In central Pennsylvania, a gust of wind derailed a freight train on a bridge near Harrisburg on Monday, sending two shipping containers into the Susquehanna River. The derailment disrupted Amtrak service between Pittsburgh and Harrisburg Tuesday.
Two of the New York area's major airports -- LaGuardia and Kennedy -- began to receive inbound flights on Monday night. Newark Liberty began receiving inbound flights Tuesday morning. More than 5,000 flights have been canceled since Sunday nightat all three airports.
Passengers crammed into airports in other cities on Tuesday hoping for a chance to reach their destinations. At Chicago Midway International Airport, lines stretched around inside and out in the cold as weary travelers got there early in the hope of getting on a flight. More than 225 flights were canceled Monday in Chicago.
Wanda Johnson, 56, had been trying to get to Italy for several days for a vacation.
"I am trying to stay positive but I am getting really frustrated. It's my first vacation in years," she said.
She had arrived several hours before her afternoon flight in hopes of flying out earlier on standby, but nothing was available.
Two magic words -- "on time" -- lit up at least half the departure boards early Tuesday at LaGuardia, where passengers stretched out sleeping under blankets along the windowsill of a food court.
For bedraggled passengers who were finally about to board flights home, there was a sense of exhaustion that overwhelmed any excitement they might have felt.
"I don't know if I ever want to go on vacation again, honestly," said 28-year-old Tiffany Bunton, who was heading through security with her 8-year-old daughter, Trystan, on their way back to Fort Worth, Texas.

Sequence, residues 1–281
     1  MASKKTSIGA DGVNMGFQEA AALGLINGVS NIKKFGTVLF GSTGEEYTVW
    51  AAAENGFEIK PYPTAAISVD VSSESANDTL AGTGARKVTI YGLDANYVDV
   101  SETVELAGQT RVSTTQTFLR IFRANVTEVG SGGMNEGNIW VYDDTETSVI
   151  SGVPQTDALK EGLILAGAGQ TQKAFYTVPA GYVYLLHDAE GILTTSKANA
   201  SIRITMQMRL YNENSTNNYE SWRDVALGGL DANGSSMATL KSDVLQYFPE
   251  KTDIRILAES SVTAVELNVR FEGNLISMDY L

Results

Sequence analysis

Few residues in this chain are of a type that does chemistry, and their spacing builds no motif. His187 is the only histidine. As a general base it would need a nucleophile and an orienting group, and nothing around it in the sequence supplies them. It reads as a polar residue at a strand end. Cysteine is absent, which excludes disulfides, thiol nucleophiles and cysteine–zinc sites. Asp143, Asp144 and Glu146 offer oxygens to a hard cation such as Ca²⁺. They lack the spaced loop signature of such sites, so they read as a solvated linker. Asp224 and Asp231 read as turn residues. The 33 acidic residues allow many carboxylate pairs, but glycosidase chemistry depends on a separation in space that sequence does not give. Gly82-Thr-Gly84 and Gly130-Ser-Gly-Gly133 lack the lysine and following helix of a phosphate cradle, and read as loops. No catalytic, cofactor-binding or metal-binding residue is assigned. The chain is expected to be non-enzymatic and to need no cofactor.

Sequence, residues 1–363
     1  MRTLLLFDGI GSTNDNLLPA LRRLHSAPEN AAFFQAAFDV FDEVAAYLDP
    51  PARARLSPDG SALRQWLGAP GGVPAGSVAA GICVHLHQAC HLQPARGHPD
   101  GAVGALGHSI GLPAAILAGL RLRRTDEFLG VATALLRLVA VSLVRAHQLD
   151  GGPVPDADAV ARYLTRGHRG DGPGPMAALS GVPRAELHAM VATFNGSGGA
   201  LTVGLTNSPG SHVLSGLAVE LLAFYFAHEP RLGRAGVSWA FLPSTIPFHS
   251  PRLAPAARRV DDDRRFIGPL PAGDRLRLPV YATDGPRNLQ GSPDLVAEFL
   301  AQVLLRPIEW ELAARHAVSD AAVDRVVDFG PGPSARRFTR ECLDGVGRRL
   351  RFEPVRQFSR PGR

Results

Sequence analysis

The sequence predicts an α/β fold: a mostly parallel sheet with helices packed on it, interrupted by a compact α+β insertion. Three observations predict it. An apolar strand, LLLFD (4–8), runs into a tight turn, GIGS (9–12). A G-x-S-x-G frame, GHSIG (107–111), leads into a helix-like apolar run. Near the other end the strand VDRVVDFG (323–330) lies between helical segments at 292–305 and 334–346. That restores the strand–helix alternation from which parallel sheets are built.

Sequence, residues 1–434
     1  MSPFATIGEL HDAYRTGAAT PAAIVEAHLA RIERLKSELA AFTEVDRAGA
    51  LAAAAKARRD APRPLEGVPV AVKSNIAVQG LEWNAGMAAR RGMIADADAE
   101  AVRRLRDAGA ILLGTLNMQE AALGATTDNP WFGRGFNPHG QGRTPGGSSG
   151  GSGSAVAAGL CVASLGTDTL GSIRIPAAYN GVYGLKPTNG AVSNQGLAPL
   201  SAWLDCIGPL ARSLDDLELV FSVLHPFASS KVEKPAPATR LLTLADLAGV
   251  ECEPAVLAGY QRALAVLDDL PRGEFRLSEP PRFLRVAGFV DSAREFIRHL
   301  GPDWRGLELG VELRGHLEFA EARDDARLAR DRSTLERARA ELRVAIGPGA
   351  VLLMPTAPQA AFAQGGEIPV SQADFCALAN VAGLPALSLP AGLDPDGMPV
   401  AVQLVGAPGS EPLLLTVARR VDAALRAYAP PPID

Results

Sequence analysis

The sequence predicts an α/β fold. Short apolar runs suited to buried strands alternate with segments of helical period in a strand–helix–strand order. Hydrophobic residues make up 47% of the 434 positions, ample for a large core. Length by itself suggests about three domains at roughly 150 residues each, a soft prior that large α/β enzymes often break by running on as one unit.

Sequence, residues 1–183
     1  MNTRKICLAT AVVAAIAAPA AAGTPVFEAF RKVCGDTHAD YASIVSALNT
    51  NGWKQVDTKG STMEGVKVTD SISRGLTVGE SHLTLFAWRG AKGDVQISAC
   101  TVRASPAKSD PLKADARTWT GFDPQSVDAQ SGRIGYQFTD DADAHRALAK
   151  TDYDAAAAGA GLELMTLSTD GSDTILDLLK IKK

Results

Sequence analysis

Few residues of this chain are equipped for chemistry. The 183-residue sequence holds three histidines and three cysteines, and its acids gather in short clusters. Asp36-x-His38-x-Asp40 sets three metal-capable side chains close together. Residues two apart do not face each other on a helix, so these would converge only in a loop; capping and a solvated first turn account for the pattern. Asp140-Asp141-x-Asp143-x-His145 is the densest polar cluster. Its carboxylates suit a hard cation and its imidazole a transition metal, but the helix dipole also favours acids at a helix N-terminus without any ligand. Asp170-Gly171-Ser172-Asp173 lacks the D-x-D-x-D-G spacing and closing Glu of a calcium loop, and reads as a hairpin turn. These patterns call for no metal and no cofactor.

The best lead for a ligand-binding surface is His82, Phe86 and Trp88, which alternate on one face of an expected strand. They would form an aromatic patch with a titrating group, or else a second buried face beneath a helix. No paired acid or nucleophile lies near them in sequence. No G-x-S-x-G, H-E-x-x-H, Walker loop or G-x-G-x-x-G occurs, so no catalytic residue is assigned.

They've spent two nights at a hotel in Queens "going stir-crazy," Bunton said.
"The relief actually came for me when we finally got a taxi to the airport this morning," she said.
The storm, which dumped 20 inches of snow in Central Park Sunday, was New York City's sixth-worst since record-keeping began in 1869, said Adrienne Leptich, a meteorologist with the National Weather Service. A February 2006 storm dropped 26.9 inches of snow on Central Park, breaking the previous record, set in 1947, by half an inch.
The storm was sprawling and fickle, dropping 29 inches on Staten Island; 32 on Rahway, N.J.; 10 on Franklin, S.C., about 12 on Philadelphia; and 19 in South Boston but only 6.5 in West Hartford, Conn., according to the Weather Service.
Some travelers tried to make the best of it. At the Newark airport, Frank Mann, his son 9-year-old son Stephen and his girlfriend Jackie Douglas said their night on the terminal floor was sort of like taking a camping trip.
They made beds out of luggage trays turned upside down, ate hot dogs from the snack bar and even did some bird-watching: pigeons seeking refuge from the elements were taking baths in puddles of water dripping from the ceiling.
"This airport becomes a whole different place at night," said Mann, a 53-year-old lawyer from Houston.
When things got boring, Stephen pulled out his Kindle to finish a book he had started before getting stranded.
The book was about another youngster stranded far from home by bad weather: L. Frank Baum's The Wonderful Wizard of Oz.